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Encyclopedia > Paul Tortelier

Paul Tortelier (March 21, 1914 - December 18, 1990) was a French cellist and composer. March 21 is the 80th day of the year in the Gregorian Calendar (81st in leap years). ... 1914 (MCMXIV) is a common year starting on Thursday. ... December 18 is the 352nd day of the year (353rd in leap years) in the Gregorian Calendar. ... This article is about the year. ... A cello The cello (often formally referred to as the violoncello), is a stringed instrument and a member of the violin family. ... A composer is a person who writes music. ...


Tortelier was born in Paris, the son of a cabinet maker. He was encouraged to play the cello by his father and mother, and at 12 he entered the Paris Conservatoire. He won the first prize in cello at the conservatoire when he was 16, and then he took harmony classes under Jean Gallon. The Eiffel Tower has become a symbol of Paris throughout the world. ... Conservatoire de Paris, or Paris Conservatoire, has been central to the evolution of music in France and Western Europe. ... Harmony is the use and study of pitch simultaneity and chords, actual or implied, in music. ...


In 1935 Tortelier joined the Monte Carlo Symphony Orchestra, and played with them until 1937. He gave performances under Bruno Walter and Arturo Toscanini, and he also played the solo part in Richard Strauss' Don Quixote under the composer. This is a piece which became closely associated with Tortelier, as he gave many performances and recorded it. Bruno Walter (September 15, 1876 - February 17, 1962) was a German-born conductor and composer. ... Arturo Toscanini was featured on the cover of Time magazine on April 26, 1948 Arturo Toscanini (March 25, 1867 – January 16, 1957) was considered by many of his contemporaries — critics, fellow musicians, and the public alike — as the greatest conductor of his era. ... Richard Strauss (June 11, 1864 – September 8, 1949) was a German composer of the late Romantic era, particularly noted for his tone poems and operas. ...


In 1939 he joined the Boston Symphony Orchestra under Serge Koussevitsky.


In 1947 he gave his British debut under Beecham, again performing Don Quixote. To meet Wikipedias quality standards, this article or section may require cleanup. ...


In 1950 Tortelier was selected by Casals to play as the principal cellist in the Prades Festival Orchestra. Pau Casals i Defilló (December 29, 1876 – October 22, 1973), commonly known as Pablo Casals, was a virtuoso Catalan, Spanish cello player (and later conductor). ...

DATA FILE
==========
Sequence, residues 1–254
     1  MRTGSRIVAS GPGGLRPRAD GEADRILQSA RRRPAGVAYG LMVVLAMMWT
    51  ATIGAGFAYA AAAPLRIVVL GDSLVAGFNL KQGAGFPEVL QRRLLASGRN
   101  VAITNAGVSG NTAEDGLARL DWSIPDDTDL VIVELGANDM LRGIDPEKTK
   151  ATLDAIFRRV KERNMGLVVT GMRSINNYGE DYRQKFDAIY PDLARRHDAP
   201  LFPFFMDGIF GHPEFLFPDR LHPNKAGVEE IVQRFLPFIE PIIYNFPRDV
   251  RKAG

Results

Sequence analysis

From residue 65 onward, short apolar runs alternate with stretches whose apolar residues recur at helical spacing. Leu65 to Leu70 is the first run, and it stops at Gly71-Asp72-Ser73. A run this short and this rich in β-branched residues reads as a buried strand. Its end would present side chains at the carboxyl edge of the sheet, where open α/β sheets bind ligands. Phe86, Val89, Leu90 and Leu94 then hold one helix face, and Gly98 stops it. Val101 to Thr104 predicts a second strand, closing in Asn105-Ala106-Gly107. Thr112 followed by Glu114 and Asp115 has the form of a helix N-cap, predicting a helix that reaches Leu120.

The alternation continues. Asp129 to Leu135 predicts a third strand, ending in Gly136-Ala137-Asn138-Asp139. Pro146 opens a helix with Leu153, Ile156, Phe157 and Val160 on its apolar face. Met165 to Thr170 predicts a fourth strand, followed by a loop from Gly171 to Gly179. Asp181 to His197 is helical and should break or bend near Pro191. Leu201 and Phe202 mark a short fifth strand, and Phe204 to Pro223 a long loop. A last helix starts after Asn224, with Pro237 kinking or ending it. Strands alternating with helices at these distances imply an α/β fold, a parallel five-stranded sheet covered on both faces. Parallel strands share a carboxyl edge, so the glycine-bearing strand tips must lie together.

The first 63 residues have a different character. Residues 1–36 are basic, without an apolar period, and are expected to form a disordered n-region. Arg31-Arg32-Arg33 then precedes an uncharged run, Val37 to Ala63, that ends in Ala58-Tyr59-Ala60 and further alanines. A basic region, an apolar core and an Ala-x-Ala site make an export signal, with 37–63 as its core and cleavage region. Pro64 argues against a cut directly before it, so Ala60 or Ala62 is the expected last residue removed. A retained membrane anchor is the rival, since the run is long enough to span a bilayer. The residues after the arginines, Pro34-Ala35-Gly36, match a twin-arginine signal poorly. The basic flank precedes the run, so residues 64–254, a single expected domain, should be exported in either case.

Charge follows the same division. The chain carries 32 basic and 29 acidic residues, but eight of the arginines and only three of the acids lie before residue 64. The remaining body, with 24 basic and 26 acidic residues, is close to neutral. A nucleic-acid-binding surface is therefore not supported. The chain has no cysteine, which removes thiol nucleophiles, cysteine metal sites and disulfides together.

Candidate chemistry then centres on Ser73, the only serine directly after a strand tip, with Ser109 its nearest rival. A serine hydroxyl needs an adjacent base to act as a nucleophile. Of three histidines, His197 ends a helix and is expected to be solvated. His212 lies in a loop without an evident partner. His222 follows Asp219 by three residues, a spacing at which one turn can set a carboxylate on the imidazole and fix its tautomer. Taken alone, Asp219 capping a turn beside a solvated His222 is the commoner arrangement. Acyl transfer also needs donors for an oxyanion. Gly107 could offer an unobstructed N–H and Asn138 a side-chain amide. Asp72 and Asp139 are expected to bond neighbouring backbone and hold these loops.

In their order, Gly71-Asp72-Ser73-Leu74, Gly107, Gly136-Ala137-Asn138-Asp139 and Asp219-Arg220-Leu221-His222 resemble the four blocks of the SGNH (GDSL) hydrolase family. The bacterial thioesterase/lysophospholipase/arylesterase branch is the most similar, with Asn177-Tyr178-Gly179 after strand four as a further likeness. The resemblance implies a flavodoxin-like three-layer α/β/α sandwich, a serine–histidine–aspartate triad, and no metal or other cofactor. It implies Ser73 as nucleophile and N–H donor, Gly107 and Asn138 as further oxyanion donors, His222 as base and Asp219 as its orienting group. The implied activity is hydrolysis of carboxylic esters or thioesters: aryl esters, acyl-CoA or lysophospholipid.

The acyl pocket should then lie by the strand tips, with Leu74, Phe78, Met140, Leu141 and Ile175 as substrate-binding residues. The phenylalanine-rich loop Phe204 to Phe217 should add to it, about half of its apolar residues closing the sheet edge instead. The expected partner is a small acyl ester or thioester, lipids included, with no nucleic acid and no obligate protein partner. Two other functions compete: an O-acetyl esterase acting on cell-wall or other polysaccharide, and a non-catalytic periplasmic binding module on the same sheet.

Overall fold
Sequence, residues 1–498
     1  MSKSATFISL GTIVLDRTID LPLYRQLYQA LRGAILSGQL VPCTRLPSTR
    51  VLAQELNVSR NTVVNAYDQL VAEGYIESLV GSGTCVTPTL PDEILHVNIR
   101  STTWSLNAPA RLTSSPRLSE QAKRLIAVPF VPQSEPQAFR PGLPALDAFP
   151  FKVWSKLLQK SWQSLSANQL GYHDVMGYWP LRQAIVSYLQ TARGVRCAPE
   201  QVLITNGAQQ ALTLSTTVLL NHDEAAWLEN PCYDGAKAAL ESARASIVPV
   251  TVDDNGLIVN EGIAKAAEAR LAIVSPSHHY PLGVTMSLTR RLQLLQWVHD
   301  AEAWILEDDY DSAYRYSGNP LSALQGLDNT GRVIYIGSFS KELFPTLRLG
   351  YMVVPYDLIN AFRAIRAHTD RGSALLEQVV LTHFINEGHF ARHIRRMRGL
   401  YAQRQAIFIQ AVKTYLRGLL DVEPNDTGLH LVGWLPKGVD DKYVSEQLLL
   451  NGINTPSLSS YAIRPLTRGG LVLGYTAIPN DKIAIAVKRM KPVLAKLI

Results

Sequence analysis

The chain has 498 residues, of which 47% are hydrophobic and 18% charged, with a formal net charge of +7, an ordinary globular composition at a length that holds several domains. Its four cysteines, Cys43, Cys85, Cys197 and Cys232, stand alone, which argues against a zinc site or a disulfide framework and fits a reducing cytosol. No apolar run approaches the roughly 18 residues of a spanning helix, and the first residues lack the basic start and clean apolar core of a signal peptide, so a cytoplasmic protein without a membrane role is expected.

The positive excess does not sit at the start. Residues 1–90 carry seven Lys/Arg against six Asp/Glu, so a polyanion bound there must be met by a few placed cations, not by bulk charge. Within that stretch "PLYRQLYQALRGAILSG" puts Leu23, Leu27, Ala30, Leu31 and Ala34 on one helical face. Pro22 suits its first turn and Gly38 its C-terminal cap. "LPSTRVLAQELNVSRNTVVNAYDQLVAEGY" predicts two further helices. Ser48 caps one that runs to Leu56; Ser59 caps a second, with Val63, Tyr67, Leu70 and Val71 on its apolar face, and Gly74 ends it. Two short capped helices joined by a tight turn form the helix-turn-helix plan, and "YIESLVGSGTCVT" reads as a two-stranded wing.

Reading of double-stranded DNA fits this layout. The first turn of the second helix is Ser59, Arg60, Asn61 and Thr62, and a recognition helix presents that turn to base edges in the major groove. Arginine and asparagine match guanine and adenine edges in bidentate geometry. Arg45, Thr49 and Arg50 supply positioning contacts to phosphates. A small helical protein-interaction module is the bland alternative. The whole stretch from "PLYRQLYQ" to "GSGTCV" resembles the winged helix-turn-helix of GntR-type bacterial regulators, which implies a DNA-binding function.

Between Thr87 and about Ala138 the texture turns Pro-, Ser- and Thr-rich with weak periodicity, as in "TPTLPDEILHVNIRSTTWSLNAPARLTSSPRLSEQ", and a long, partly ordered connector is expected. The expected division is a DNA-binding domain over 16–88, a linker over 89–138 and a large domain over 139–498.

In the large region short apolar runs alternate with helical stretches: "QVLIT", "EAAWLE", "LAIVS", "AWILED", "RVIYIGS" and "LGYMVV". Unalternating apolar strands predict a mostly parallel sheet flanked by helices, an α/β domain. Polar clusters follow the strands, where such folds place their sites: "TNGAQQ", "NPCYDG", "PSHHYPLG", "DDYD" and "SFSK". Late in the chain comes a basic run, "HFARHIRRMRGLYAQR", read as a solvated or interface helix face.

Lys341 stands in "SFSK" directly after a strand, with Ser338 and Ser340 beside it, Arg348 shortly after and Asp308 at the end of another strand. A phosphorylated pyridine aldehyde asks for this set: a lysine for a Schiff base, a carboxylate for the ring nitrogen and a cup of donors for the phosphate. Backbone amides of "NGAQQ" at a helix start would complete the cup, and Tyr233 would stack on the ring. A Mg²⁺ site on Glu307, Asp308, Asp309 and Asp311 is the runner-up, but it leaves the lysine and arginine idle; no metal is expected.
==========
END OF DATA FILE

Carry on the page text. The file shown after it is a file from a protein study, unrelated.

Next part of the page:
Athough he was a Catholic, Tortelier was inspired by the ambitions of the newly formed state of Israel in 1948, and spent some time living with his wife and two children on a kibbutz.


His compositions include a concerto for two cellos and orchestra (1950), and a solo cello suite in D, and a sonata for cello and piano. He also wrote a set of variations for cello & orchestra ( 'May Music Save Peace' ). He also wrote a symphony, the Israel Symphony, after his experience of living on the kibbutz.


He taught Jacqueline du PrĂ©, though he was not her main teacher (that was William Pleeth). In the 1970s he gave a series of master classes which were recorded and broadcast on TV, which demonstrate his very dynamic style of playing. Jacqueline Mary du Pré (1945-1987) was an English cellist. ...


His son, Yan Pascal Tortelier, is an internationally known conductor, and his daughter Maria de la Pau is a pianist. Internationally known French conductor, has worked and recorded extensively with the BBC Philharmonic in Manchester - for whom he was Principal Conductor from 1992 to 2004. ...


External link

  • 'May Music Save Peace'

  Results from FactBites:
 
Paul Tortelier, Cellist (757 words)
Paul Tortelier, the famous French cellist, was born March 21, 1914 in Paris, where his father was a carpenter and cabinet-maker, who played the violin and the mandolin.
Tortelier was so moved by the Israeli effort to establish a homeland that he moved to Israel to assist in the effort.
Paul Tortelier died in December of 1990, at the age of 76.
Paul Tortelier - definition of Paul Tortelier in Encyclopedia (357 words)
Paul Tortelier (March 21, 1914 - December 18, 1990) was a French cellist and composer.
Tortelier was born in Paris, the son of a cabinet maker.
Athough he was a Catholic, Tortelier was inspired by the ambitions of the newly formed state of Israel in 1948, and (later?) spent some time living with his wife and two children on a kibbutz.
  More results at FactBites »

 
 

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